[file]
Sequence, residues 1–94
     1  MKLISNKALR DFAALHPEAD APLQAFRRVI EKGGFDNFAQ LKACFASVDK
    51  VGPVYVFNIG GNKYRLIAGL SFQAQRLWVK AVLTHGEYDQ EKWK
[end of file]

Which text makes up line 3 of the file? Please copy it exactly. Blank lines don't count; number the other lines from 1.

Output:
    51  VGPVYVFNIG GNKYRLIAGL SFQAQRLWVK AVLTHGEYDQ EKWK